Operating Expense Ratio = Operating Expense / Gross Operating Income
Chapter 28: Calculation 23: Debt Coverage Ratio
This calculation allows investors to achieve a clear statement of the relationship between a property’s net operating income and the annual debt service required on the property.

 Debt Coverage Ratio = Annual Net Operating Income / Annual Debt Service
Chapter 29: Calculation 24: BreakEven Ratio
This calculation results in an expression of the comparative relationship between your cash inflows and expenses. It is significant because it is commonly employed by mortgage underwriters to assess your risk of defaulting on a loan.
BreakEven Ratio = (Debt Service + Operating Expenses) / Gross Operating Income
Chapter 30: Calculation 25: Return on Equity
This calculation is one way of measuring the relationship between your accumulated equity holdings in your property and your aftertax cash flow. The author offers two methods of making this calculation.
First Method:
Return on Equity = Cash Flow after Taxes / Initial Cash Investment Second Method:
Return on Equity = Cash Flow after Taxes / (Resale Value less Mortgage Balance)
Chapter 31: Calculation 26: LoantoValue Ratio
This calculation helps investors estimate the relationship between the amount of mortgage financing for a property and the property’s appraised value or selling price.
LoantoValue Ratio = Loan Amount / Lesser of Property’s Appraised Value or Actual Selling Price
Chapter 32: Calculation 27: Points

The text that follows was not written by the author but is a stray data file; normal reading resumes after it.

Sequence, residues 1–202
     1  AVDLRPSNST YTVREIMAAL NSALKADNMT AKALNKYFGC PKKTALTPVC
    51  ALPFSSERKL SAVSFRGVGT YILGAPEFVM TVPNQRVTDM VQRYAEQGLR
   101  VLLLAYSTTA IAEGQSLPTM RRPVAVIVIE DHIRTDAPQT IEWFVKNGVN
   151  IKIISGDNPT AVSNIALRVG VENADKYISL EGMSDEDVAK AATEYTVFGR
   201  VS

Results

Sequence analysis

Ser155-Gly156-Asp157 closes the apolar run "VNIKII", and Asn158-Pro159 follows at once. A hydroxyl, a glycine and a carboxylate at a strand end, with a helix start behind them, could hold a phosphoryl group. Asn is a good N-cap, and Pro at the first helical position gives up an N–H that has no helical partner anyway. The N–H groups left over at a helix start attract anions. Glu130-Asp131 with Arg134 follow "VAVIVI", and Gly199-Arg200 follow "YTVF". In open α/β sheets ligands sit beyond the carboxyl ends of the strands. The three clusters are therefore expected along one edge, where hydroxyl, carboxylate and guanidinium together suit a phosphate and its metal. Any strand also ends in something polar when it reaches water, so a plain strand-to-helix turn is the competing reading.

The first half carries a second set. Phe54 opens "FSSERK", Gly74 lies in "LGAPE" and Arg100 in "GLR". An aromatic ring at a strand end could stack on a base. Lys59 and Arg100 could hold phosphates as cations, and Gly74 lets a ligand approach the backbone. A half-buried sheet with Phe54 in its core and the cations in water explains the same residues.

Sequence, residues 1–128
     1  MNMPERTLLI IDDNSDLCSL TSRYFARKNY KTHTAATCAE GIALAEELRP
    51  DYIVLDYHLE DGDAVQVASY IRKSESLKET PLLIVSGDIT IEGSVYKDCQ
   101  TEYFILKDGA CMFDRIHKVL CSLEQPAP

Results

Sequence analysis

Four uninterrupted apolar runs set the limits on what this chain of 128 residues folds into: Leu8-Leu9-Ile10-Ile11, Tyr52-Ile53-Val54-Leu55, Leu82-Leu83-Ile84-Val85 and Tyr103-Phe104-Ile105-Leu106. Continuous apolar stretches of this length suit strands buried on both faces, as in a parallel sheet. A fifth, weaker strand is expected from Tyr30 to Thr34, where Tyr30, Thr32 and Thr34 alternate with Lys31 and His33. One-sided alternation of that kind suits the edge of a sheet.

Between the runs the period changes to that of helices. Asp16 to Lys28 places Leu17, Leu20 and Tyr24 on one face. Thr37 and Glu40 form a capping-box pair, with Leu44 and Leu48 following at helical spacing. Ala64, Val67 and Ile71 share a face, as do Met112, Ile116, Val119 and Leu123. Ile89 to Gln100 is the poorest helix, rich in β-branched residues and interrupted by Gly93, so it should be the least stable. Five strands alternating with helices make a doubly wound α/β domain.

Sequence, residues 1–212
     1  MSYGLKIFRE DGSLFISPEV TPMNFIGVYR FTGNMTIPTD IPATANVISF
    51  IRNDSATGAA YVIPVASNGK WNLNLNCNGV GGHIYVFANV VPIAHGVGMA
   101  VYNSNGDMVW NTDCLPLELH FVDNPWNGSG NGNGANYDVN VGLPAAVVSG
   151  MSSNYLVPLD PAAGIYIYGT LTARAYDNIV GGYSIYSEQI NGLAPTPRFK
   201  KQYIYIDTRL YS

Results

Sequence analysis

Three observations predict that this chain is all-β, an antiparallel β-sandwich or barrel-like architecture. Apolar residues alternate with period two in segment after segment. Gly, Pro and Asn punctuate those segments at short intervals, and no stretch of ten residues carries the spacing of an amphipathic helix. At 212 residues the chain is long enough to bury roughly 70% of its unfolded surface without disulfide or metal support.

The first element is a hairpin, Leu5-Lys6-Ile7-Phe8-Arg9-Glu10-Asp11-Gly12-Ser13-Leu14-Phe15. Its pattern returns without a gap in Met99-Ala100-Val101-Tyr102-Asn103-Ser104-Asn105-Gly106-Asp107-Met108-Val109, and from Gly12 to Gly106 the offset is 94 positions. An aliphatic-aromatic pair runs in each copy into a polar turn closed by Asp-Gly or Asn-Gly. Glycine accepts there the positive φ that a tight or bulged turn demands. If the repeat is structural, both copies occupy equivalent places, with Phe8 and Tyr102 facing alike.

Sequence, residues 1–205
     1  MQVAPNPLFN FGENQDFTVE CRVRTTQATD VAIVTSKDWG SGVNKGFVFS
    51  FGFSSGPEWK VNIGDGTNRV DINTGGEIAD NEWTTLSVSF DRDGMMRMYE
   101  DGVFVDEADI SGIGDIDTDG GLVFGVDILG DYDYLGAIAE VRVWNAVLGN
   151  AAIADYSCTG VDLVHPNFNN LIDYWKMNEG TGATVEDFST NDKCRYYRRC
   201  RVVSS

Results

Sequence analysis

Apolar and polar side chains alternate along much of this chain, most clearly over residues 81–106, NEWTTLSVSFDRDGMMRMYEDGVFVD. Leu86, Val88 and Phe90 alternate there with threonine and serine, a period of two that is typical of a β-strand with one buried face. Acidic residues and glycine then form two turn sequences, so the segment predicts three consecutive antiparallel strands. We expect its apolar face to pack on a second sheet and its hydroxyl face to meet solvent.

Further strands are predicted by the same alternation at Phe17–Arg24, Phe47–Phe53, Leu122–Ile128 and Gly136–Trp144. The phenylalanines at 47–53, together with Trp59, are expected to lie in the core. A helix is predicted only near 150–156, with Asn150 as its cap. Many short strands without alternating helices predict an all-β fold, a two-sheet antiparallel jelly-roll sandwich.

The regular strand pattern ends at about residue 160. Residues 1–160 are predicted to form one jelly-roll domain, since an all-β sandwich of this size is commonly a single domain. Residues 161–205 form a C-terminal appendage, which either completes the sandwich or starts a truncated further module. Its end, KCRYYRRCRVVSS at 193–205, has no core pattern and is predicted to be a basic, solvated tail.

Points are defined as a fee that is often required by the lender in return for the approval of a mortgage note. This calculation allows investors to estimate the value of points for a particular loan.
1 Point (in dollars) = Mortgage Loan Amount / 100
Chapter 33: Calculation 28: Mortgage Payment / Mortgage Constant
This calculation helps calculate an estimated loan payment based on the amortization of a mortgage.
Payment = PV x (I / [1 + l) ^ x n]) where PV is the amount of the loan, I is the interest rate per period, and n is the number of periods
Chapter 34: Calculation 29: Principal Balance / Balloon Payment
This calculation helps determine the remaining balance of a mortgage loan at any given time.
PV of an annuity = A x (1 + i)^n  (Pmt/i) x [(1 + i)^n  1]) Where A is the original amount of the loan and n is the number of payments made
Chapter 35: Calculation 30: Principal and Interest per Period
These calculations help property owners determine the ratio of principal to interest in each mortgage payment.
Interest Portion of a Payment = Outstanding Principal Balance x Periodic Rate